Like many viruses, rotavirus (RV) dysregulates calcium homeostasis by elevating cytosolic calcium ([Ca2+]cyt) and decreasing endoplasmic reticulum (ER) stores. While an overall, monophasic increase in [Ca2+]cyt during RV infection has been shown, the nature of the RV-induced aberrant calcium signals and how they manifest over time at the single-cell level have not been characterized. Thus, we generated cell lines and human intestinal enteroids (HIEs) stably expressing cytosolic and/or ER-targeted genetically-encoded calcium indicators to characterize calcium signaling throughout RV infection by time-lapse imaging. We found that RV induces highly dynamic [Ca2+]cyt signaling that manifest as hundreds of discrete [Ca2+]cyt spikes, which increase during peak infection. Knockdown of nonstructural protein 4 (NSP4) attenuates the [Ca2+]cyt spikes, consistent with its role in dysregulating calcium homeostasis. RV-induced [Ca2+]cyt spikes were primarily from ER calcium release and were attenuated by inhibiting the store-operated calcium entry (SOCE) channel Orai1. RV-infected HIEs also exhibited prominent [Ca2+]cyt spikes that were attenuated by inhibiting SOCE, underlining the relevance of these [Ca2+]cyt spikes to gastrointestinal physiology and role of SOCE in RV pathophysiology. Thus, our discovery that RV increases [Ca2+]cyt by dynamic calcium signaling, establishes a new, paradigm-shifting understanding of the spatial and temporal complexity of virus-induced calcium signaling.
Eukaryotic signal transduction pathways employ a variety of signaling molecules to regulate cellular processes. Calcium (Ca2+) is one of the most ubiquitous secondary messengers in the cell, which tightly regulates Ca2+ movement through the coordinated function of Ca2+ channels, transporters, and pumps. Since Ca2+ signaling modulates a wide array of cellular processes, it is not surprising that many different viruses exploit Ca2+ signaling to facilitate their replication, and the resulting dysregulation of Ca2+ signaling causes pathogenesis. Rotavirus (RV), a member of the Reoviridae family, is one of the first viruses shown to elevate cellular Ca2+ levels and has become a widely-used model system to characterize mechanisms by which viruses dysregulate host Ca2+ homeostasis1. RV is a clinically important enteric virus that causes severe diarrhea and vomiting in children, resulting in over approximately 258 million diarrhea episodes and 198,000 deaths in 20162. Hyperactivation of cyclic nucleotide (e.g., cAMP/cGMP) and Ca2+ signaling pathways is a common strategy among enteric pathogens3. Thus, understanding how RV exploits Ca2+ signaling is key to understanding and combating RV-induced diarrhea.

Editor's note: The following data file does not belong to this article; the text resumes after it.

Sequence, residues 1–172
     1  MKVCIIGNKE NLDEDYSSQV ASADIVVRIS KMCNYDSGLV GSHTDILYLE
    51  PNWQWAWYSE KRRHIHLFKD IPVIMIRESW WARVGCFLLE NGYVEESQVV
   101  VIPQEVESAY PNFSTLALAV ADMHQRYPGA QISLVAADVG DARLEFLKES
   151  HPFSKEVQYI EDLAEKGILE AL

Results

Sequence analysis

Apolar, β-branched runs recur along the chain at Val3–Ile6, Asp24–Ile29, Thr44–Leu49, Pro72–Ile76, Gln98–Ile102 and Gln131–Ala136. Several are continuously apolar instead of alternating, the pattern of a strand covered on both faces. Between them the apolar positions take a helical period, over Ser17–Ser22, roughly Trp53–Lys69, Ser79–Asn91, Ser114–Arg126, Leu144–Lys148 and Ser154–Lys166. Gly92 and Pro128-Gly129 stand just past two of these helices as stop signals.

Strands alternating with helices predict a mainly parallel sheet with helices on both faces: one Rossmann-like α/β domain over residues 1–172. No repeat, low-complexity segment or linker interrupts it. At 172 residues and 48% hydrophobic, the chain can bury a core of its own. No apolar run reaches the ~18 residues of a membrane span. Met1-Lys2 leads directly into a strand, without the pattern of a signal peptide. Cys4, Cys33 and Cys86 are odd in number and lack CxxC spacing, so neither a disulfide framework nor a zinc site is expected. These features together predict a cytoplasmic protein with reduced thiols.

RV was first reported to elevate cytosolic [Ca2+] by Michelangeli et al (1991), which stimulated subsequent research into how RV alters cellular Ca2+ levels4. RV causes a 2-fold steady-state increase in cytosolic Ca2+, which is due to increased Ca2+ release from the endoplasmic reticulum (ER) and increased Ca2+ influx through host Ca2+ channels in the plasma membrane (PM)1,5. Elevated cytosolic Ca2+ activates autophagy, which is critical for RV replication, and has wide-ranging consequences to host cell functions, including disruption of the cytoskeleton and activation of chloride and serotonin secretion to cause diarrhea and vomiting1,5.
RV dysregulates Ca2+ homeostasis by at least two functions of its nonstructural protein 4 (NSP4), a glycoprotein with multiple functions during the infection5. In RV-infected cells, ER-localized NSP4 is a viroporin (i.e., virus-encoded ion channel) that releases ER Ca2+ and reduces ER Ca2+ stores causing a persistent increase in cytosolic Ca2+ 6,7,8. Using patch clamp electrophysiology, we demonstrated that the NSP4 viroporin domain (aa47–90) forms a Ca2+-permeable ion channel, confirming that NSP4 can directly mediate loss of ER Ca2+ 9. Decreased ER Ca2+ activates stromal interaction molecule 1 (STIM1), an ER Ca2+ sensor, which in turn activates Ca2+ influx through store-operated calcium entry (SOCE) channels in the PM, primarily Orai110. Voltage-gated Ca2+ channels and the sodium-calcium exchanger (NCX) have also been implicated in Ca2+ influx in RV-infected cells11,12. Finally, through a mechanistically distinct pathway, RV-infected cells secrete an extracellular NSP4 (eNSP4) cleavage product that elicits a receptor-mediated, inositol triphosphate (IP3)-dependent Ca2+ signal13,14. eNSP4 induces diarrhea in neonatal mice, making this the first identified viral enterotoxin13,15. At the cellular level, the eNSP4-induced Ca2+ signal activates chloride secretion through Ca2+-activated chloride channels (e.g., anoctamin 1), consistent with its enterotoxin activity in vivo16,17. Thus, NSP4 dysregulates Ca2+ by both directly releasing ER Ca2+ and by exploiting host SOCE and agonist-induced Ca2+ signaling pathways1.